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Inheritance Act Claims

Claims under the Inheritance (Provision for Family & Dependants) Act 1975

If you have been omitted from a will, or have not been left as much as you might have expected, you may be entitled to bring a claim for financial provision under the Inheritance (Provision for Family & Dependants) Act 1975 (“the 1975 Act”). It may also be possible to bring a claim under the 1975 Act if the deceased died intestate (without having made a will).

With over 15 years of experience, our contentious probate solicitors understand the emotive nature of these types of claims and will work closely with you to ensure the best result is achieved, whilst managing matters as sensibly, pragmatically and as amicably as possible.

We approach each claim under the 1975 Act with of the aim of avoiding potentially stressful litigation and court proceedings if possible, with a focus on exploring alternative dispute resolution methods. In cases where agreement cannot be reached, we have vast experience in helping clients navigate court the court process.

Whether you are seeking to make a claim under the Inheritance 1975 Act or are dealing with a threatened claim against the estate, our contentious probate solicitors can help.

What is the Inheritance (Provision for Family and Dependants) Act 1975?

The 1975 Act gives the right to make a claim for ‘reasonable financial provision’ to certain categories of claimant who have not been provided for at all or adequately from the deceased’s estate (whether under the terms of a will or on intestacy where there is no will).

It should be noted that the definition of ‘reasonable financial provision’ varies depending on the relationship between the claimant and the deceased.The rules for a surviving spouse or civil partner are distinct from the other categories of claimant.

Claim by a surviving spouse or civil partner

A surviving spouse or civil partner is entitled to all provisions in such that they are entitled to a continuation of the standard of living they were accustomed to prior to the death of their husband or wife.

The 1975 Act defines reasonable financial provision for a spouse or civil partner as reasonable provision for that person to receive whether or not that provision is required for his or her maintenance.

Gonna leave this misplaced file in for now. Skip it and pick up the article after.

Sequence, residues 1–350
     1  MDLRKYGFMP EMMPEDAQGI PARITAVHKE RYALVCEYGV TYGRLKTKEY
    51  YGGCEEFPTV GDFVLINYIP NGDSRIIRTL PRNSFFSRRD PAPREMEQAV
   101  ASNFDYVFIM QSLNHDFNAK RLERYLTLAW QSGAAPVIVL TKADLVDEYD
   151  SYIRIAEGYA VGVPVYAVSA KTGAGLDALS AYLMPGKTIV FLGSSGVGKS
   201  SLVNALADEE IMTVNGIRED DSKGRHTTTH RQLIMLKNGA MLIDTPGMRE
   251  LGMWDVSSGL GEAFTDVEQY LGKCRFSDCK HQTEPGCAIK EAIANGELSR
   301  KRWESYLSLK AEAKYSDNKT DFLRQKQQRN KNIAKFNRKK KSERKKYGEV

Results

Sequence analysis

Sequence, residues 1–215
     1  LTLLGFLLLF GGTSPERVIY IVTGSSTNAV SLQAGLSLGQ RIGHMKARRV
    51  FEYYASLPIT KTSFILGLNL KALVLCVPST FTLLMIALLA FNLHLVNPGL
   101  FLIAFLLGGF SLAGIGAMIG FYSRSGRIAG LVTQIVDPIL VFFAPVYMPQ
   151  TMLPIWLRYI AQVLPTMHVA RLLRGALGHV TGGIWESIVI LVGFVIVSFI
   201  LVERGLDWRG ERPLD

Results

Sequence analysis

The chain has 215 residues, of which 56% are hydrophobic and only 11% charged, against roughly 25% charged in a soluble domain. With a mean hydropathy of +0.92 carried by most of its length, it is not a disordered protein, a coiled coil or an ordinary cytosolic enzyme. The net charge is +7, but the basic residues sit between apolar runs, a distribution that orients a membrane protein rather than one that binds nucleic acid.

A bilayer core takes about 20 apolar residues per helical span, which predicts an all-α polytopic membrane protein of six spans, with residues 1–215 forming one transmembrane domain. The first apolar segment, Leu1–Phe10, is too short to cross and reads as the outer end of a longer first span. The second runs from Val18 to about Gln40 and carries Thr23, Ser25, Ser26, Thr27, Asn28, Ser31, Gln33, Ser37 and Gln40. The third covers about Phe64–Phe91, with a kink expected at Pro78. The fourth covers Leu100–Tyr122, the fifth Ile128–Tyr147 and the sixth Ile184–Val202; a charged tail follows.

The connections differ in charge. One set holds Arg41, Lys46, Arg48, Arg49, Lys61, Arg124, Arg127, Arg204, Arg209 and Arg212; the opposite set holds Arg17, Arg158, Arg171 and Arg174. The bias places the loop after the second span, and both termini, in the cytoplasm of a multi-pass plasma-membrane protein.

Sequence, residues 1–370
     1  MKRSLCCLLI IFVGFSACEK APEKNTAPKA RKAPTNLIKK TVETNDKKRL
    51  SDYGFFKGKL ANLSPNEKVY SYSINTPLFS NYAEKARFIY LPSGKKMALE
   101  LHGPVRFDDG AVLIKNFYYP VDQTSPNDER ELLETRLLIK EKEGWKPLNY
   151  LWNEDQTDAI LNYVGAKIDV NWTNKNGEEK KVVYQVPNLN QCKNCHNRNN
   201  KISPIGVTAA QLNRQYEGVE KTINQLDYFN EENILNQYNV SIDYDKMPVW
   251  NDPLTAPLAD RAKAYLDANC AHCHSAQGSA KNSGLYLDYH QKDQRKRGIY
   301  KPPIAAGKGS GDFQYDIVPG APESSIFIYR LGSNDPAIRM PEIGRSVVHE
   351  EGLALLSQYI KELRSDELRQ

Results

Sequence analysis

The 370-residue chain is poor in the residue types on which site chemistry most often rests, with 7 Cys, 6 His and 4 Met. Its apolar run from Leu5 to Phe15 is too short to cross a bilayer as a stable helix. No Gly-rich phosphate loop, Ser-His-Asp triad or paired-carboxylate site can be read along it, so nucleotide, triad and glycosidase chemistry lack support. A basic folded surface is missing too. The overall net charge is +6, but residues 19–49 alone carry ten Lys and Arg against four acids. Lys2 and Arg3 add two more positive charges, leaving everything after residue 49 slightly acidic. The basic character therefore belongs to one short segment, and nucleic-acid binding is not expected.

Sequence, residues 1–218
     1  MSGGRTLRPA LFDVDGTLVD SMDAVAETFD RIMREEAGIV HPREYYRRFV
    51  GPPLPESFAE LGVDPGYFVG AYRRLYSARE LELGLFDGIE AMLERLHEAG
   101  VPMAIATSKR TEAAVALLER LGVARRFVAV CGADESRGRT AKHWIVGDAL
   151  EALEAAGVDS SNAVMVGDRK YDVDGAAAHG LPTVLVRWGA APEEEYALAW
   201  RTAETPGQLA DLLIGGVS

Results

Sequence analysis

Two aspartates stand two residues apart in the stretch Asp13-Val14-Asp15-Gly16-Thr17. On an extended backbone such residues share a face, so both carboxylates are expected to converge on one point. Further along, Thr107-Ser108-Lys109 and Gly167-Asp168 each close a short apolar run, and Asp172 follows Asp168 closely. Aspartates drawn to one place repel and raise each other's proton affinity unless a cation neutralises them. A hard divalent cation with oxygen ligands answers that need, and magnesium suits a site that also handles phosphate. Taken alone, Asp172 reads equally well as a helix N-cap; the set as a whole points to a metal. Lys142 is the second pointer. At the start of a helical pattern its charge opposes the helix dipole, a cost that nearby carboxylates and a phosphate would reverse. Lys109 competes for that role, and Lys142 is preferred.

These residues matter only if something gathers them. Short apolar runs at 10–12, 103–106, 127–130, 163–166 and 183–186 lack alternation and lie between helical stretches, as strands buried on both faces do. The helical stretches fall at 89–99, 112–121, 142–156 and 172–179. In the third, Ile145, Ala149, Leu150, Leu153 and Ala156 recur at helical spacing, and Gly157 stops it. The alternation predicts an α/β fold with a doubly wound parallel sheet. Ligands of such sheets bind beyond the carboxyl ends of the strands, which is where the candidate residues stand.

Other Inheritance Act claimants

For other categories of claimant under the 1975 Act, the court will make a judgment on the level of financial provision which is reasonable for that person to receive for their maintenance.

Defending an Inheritance Act claim

Whether you are the executor of a will, a beneficiary, or both, you could find yourself having to face a 1975 Act claim. Depending on your role, your position will differ:


If you are the executor, there are certain obligations specific to the role that you should be aware of. Where a claim for provision under the Inheritance 1975 Act has been made, you are obliged to provide the court with accurate and up-to-date information regarding the deceased’s estate. Furthermore, executors are required to take a neutral stance in relation to the proceedings and usually will indicate that they will be bound by the decision of the court.


For the beneficiaries a 1975 Act claim raises an important decision. Beneficiaries can either choose to actively defend the claim or, alternatively they can decide to remain neutral and therefore steer clear of the matter.

The considerations for actively defending the claim will include whether your entitlement stands to be affected by the claim.  For example, the recipient of a cash legacy under the will may be unaffected by the outcome of the claim as it may only affected the residuary estate.  However, if you are a residuary beneficiary then your entitlement is likely to be directly affected (ie reduced potentially) by the outcome of the claim.

Making an Inheritance Act claim

Who can make a claim under the 1975 Act?

  • A spouse or civil partner
  • A former spouse or partner (who has not remarried or registered a new civil partnership)
  • A person living with the deceased as husband, wife or civil partner for two years immediately before the death
  • A child of the deceased (minors and adults)
  • Aperson treated by the deceased as a child of the family (including fostered children or stepchildren). The ‘family’ must have been in the context of a marriage or civil partnership
  • A person who was receiving maintenance from the deceased immediately before their death

Considerations for making an Inheritance Act claim

Time limits: how long have you got to make a claim?

Generally there is a time limit of six months from the date of the Grant of Probate by which a 1975 Act claim must be started.

What is “reasonable” provision?

If you are considering making a claim under the Inheritance 1975 Act, the first question to ask is whether or not the deceased’s estate has made reasonable financial provision for you. Relief under the Act can only be granted by the court if it decides that the provision made in the will does not reasonably meet the claimant’s needs for maintenance (unless the claimant is a spouse or civil partner).

To answer this question, the court will consider:

  • Whether the will (or the Intestacy Rules) makes reasonable financial provision for the claimant
  • If reasonable financial provision has not been made, what provision should the court make (if any)

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